Wayne Thiebaud

Wayne Thiebaud was born in Mesa, Arizona, in 1920. He found work as a sign painter and apprenticed as an animator for The Walt Disney Studios before serving in the United States Army Air Force during World War II. After his service, he continued to work as a commercial artist—designing movie posters, making cartoons, and working in advertising—before pursuing the study of fine art in the late 1940s.

By the early 1960s, Thiebaud was painting the subjects for which he is best known, depicting quintessentially American, everyday objects in bright colors—such as cakes and pies, hot dogs and hamburgers, gumballs and lollipops, and jackpot machines. Rather than painting from life, Thiebaud represented these objects from memory, drawing from nostalgic recollections of bakeries and diners from his youth and contemporary commercial imagery. Although he is often classified as an American Pop painter—and he was included in the two historic and groundbreaking shows of 1962 that established the movement—Thiebaud never embraced the mantle of Pop Art and preferred to describe himself as a traditional painter of illusionistic forms.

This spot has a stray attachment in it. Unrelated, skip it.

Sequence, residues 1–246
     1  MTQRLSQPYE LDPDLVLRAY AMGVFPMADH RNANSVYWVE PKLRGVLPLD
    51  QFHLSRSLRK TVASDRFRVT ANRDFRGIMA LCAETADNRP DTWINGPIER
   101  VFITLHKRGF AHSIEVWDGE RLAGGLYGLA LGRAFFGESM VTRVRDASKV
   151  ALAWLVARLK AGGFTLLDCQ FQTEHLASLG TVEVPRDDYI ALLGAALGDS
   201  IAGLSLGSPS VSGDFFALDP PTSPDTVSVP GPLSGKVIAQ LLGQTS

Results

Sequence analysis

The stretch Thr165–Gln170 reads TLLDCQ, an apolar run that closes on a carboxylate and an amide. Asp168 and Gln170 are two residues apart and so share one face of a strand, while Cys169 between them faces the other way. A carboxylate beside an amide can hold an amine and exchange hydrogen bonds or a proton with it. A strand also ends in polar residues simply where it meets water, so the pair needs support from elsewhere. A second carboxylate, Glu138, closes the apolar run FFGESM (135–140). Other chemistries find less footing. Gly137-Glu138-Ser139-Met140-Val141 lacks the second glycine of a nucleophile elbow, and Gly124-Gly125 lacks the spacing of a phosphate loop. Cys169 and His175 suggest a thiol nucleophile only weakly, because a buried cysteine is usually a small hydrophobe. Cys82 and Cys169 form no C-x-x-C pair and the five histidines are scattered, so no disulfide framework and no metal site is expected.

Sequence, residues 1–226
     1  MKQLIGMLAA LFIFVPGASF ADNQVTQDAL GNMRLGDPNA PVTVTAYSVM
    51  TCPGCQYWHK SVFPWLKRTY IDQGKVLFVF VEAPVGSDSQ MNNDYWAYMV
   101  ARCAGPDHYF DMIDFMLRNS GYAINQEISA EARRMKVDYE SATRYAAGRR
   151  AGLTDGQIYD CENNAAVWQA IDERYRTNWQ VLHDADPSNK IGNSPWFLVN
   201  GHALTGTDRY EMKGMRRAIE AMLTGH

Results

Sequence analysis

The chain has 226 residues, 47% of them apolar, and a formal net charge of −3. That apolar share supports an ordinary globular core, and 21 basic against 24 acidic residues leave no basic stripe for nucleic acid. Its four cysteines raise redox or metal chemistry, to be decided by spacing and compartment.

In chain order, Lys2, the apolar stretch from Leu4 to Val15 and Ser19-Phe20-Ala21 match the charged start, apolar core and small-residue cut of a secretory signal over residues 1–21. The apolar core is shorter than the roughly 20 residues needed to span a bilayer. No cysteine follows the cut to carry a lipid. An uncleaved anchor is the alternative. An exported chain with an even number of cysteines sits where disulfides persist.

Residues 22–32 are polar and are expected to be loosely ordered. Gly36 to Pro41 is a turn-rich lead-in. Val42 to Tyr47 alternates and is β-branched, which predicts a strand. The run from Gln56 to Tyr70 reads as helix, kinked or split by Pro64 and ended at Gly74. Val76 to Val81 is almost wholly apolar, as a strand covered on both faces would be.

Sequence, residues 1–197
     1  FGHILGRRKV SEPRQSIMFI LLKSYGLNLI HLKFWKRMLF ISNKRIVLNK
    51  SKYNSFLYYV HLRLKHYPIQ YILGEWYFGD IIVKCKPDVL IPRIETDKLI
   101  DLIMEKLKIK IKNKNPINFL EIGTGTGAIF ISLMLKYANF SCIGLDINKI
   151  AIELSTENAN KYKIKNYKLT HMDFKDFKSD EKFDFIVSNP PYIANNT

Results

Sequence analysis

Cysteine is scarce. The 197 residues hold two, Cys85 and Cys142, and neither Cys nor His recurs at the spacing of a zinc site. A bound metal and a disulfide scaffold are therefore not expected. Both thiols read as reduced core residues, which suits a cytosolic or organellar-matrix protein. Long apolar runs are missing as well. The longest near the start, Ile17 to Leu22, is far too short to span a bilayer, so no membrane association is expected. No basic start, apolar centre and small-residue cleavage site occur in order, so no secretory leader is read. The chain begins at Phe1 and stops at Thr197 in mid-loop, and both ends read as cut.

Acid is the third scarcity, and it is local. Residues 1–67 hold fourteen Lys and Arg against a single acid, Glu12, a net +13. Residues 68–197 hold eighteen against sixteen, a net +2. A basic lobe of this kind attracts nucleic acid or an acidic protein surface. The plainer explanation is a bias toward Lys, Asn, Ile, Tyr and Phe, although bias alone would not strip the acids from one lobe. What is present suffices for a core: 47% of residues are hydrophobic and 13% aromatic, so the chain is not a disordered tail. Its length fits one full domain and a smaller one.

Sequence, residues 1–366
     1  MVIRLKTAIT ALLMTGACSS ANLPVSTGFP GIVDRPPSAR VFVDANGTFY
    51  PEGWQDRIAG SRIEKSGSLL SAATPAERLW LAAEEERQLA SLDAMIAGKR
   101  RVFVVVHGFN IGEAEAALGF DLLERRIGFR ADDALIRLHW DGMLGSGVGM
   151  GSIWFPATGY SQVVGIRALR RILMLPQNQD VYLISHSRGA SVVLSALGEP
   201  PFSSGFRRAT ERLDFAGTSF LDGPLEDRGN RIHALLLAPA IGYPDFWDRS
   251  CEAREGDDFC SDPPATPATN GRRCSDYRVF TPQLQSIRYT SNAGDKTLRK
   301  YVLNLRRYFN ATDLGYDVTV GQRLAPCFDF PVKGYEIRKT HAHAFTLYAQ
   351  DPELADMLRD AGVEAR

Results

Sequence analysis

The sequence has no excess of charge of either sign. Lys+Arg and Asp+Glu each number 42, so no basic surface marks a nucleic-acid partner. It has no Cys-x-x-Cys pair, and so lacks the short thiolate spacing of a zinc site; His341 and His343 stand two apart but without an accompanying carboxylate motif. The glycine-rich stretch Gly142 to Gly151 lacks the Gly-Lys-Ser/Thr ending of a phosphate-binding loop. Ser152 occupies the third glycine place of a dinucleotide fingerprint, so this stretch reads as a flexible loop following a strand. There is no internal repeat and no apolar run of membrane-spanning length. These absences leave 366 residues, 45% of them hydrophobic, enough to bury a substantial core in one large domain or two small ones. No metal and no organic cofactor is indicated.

The limited edition Wayne Thiebaud collection is available via the Fondation Beyeler exhibition and our THE SKATEROOM website. 10% of all revenue supports Concrete Jungle Foundation’s EduSkate program.

Wayne Thiebaud Skateboard Art

Supported Social Project

EduSkate – global skateboarding and education programs by CJF

Project by Concrete Jungle Foundation


Concrete Jungle Foundation - CJF